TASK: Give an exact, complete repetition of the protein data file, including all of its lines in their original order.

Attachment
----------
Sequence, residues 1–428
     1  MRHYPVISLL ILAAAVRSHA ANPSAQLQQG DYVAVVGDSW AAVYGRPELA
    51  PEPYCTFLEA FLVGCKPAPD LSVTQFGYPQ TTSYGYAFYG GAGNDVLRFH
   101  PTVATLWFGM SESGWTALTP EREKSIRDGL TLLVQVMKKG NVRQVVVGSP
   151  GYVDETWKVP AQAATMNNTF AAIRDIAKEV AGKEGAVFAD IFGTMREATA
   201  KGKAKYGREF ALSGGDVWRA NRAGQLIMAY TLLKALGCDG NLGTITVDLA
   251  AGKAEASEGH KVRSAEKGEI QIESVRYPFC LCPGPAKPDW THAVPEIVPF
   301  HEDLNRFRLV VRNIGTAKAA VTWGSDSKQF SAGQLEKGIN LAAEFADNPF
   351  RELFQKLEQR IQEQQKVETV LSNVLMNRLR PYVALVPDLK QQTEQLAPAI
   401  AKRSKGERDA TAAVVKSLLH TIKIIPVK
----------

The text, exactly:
Sequence, residues 1–428
     1  MRHYPVISLL ILAAAVRSHA ANPSAQLQQG DYVAVVGDSW AAVYGRPELA
    51  PEPYCTFLEA FLVGCKPAPD LSVTQFGYPQ TTSYGYAFYG GAGNDVLRFH
   101  PTVATLWFGM SESGWTALTP EREKSIRDGL TLLVQVMKKG NVRQVVVGSP
   151  GYVDETWKVP AQAATMNNTF AAIRDIAKEV AGKEGAVFAD IFGTMREATA
   201  KGKAKYGREF ALSGGDVWRA NRAGQLIMAY TLLKALGCDG NLGTITVDLA
   251  AGKAEASEGH KVRSAEKGEI QIESVRYPFC LCPGPAKPDW THAVPEIVPF
   301  HEDLNRFRLV VRNIGTAKAA VTWGSDSKQF SAGQLEKGIN LAAEFADNPF
   351  RELFQKLEQR IQEQQKVETV LSNVLMNRLR PYVALVPDLK QQTEQLAPAI
   401  AKRSKGERDA TAAVVKSLLH TIKIIPVK